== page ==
Supreme Court rules plaintiffs can bring class action lawsuits in state court

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Last week in a unanimous and groundbreaking securities case, the United States Supreme Court held in Cyan v. Beaver County Employees Retirement Fund that the federal Securities Litigation Uniform Standards Act of 1998 (SLUSA) does nothing to strip state courts of their longstanding jurisdiction to adjudicate class actions brought under the Federal Securities Act of 1933. And more importantly, the Supreme Court held that SLUSA does not permit defendants to remove class actions alleging only 1933 act claims from state to federal court.


Plaintiffs in Cyan were three pension funds and an individual (the investors) who purchased shares of the stock of Cyan, a telecommunications company, in an initial public offering. After the stock declined in value, the investors brought a damages class action against Cyan in California Superior Court. Their complaint alleged that Cyan's offering documents contained material misstatements in violation of the 1933 act. It did not assert any claims based on state law.

Cyan moved to dismiss the investors' suit for lack of subject matter jurisdiction. It argued that SLUSA's “except clause”— i.e., the amendment made to § 77v(a)'s concurrent-jurisdiction grant — stripped state courts of power to adjudicate 1933 act claims in “covered class actions.” The investors did not dispute that their suit qualified as such an action under SLUSA's definition. But, they maintained that SLUSA left intact state courts' jurisdiction over all suits —including “covered class actions”— alleging only 1933 act claims. The California Superior Court agreed with the investors and denied Cyan's motion to dismiss. The California state appellate courts then denied review of that ruling.


The Supreme Court granted Cyan's petition for certiorari to resolve a split among state and federal courts about whether SLUSA deprived state courts of jurisdiction over “covered class actions” asserting only 1933 act claims. The Supreme Court unanimously held it did not. It explained that:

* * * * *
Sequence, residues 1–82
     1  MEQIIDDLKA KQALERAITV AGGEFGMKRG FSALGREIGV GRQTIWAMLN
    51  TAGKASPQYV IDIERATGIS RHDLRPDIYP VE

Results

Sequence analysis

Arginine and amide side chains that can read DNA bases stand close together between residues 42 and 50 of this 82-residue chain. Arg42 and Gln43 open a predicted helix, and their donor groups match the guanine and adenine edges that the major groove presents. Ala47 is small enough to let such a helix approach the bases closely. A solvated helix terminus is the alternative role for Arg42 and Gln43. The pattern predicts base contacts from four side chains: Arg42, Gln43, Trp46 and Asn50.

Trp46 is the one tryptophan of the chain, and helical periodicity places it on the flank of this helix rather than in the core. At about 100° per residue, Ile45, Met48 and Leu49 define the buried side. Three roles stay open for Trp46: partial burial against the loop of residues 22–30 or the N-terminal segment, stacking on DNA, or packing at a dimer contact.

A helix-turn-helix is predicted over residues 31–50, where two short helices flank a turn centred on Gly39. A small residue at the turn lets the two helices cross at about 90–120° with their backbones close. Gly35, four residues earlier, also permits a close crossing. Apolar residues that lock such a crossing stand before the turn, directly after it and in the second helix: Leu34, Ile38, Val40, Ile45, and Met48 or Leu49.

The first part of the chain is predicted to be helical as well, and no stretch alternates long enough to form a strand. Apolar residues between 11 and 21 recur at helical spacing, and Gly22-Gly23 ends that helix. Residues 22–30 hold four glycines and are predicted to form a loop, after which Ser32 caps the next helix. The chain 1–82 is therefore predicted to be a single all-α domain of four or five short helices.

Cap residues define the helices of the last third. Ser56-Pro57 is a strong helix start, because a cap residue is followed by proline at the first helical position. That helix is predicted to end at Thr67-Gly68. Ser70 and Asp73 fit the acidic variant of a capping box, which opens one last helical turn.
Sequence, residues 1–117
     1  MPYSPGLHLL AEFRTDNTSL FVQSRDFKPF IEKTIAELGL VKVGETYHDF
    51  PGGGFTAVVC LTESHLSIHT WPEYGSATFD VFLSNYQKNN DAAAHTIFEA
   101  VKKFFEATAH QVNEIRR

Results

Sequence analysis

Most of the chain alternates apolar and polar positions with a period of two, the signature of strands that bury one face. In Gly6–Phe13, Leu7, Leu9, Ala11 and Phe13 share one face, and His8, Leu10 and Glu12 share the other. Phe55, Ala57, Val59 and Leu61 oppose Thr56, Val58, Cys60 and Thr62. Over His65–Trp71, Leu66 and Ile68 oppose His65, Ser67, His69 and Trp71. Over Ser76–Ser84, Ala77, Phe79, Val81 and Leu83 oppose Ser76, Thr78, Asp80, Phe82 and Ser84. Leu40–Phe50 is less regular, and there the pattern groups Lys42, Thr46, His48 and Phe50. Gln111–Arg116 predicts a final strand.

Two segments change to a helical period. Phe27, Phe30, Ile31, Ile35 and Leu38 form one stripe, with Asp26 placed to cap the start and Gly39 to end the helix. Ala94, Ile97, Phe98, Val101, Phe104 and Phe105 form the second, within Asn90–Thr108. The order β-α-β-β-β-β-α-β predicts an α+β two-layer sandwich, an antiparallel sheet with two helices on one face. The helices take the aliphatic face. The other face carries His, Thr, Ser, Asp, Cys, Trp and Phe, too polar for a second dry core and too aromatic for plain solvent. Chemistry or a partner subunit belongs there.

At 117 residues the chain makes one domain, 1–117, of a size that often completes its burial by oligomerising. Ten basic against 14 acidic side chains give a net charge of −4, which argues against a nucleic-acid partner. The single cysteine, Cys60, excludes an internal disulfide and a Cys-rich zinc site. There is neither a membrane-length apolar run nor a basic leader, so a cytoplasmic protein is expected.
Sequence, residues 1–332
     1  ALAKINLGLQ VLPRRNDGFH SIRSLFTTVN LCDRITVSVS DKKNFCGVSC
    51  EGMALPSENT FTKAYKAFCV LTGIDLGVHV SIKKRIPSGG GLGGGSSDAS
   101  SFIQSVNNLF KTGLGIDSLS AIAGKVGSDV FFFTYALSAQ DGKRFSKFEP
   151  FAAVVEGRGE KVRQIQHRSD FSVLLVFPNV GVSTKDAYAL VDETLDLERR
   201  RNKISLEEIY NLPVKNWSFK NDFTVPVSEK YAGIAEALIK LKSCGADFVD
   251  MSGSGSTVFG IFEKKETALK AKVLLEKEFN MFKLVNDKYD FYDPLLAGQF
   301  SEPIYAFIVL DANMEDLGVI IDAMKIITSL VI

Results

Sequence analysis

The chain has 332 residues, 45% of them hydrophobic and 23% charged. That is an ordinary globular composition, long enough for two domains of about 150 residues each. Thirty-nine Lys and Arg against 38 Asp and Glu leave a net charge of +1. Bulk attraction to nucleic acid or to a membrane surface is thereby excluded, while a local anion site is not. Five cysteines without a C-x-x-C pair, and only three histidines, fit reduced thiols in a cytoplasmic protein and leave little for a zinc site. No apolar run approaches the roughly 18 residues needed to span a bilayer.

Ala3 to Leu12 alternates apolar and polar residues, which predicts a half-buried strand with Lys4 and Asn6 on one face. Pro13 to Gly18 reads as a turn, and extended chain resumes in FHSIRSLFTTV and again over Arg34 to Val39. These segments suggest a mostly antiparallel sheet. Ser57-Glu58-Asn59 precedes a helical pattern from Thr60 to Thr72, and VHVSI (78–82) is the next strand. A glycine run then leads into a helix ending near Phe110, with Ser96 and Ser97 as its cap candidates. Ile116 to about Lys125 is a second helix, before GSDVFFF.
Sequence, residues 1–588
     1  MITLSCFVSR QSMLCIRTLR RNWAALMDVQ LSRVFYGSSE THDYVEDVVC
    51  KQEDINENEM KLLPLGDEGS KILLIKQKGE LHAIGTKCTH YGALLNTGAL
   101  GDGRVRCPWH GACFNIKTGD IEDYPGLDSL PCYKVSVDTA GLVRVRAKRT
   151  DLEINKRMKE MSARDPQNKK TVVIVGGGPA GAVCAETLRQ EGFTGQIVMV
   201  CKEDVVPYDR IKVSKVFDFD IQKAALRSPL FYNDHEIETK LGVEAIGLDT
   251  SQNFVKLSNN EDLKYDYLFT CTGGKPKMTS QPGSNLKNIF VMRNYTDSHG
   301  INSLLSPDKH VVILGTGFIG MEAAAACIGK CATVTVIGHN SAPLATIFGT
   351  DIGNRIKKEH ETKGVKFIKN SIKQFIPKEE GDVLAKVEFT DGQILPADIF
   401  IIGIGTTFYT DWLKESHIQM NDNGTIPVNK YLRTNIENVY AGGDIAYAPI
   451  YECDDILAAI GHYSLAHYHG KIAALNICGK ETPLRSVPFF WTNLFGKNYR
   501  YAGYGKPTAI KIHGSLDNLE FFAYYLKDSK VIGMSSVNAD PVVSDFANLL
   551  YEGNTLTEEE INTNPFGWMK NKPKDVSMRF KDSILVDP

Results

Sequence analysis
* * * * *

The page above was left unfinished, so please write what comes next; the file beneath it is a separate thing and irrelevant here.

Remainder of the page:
“By its terms, § 77v(a)'s “except clause” does nothing to deprive state courts of their jurisdiction to decide class actions brought under the 1933 Act. And Cyan's various appeals to SLUSA's purposes and legislative history fail to overcome the clear statutory language. The statute says what it says—or perhaps better put here, does not say what it does not say. State-court jurisdiction over 1933 Act claims thus continues undisturbed.

Addressing removal, the Supreme Court also rejected the argument that “Congress would not have been content to leave” such suits “stuck in state court.” The Supreme Court held that argument “distorts SLUSA's text because it thinks Congress simply must have wanted 1933 act class actions to be litigated in federal court.” It further explained that “this Court has no license to disregard clear language based on an intuition that Congress must have intended something broader.


What are some practical takeaways for businesses in the wake of Cyan
  1. Companies conducting IPOs now face class action litigation under the 1933 act in both state and federal courts. 
  2. State courts are now an attractive forum for filing class action claims under the 1933 act because state courts generally have less familiarity with securities class actions, and therefore they may be less likely to dismiss such claims in response to common arguments lodged by defense counsel in 1933 act litigation. 
  3. To mitigate this litigation risk, companies should consider adopting bylaws designating federal courts as the exclusive forum for resolving claims under the 1933 act. 
  4. Finally, Cyan may not be the last word regarding this jurisdictional loophole. Indeed, the Supreme Court in Cyan noted that “[i]f further steps are needed, they are up to Congress.”

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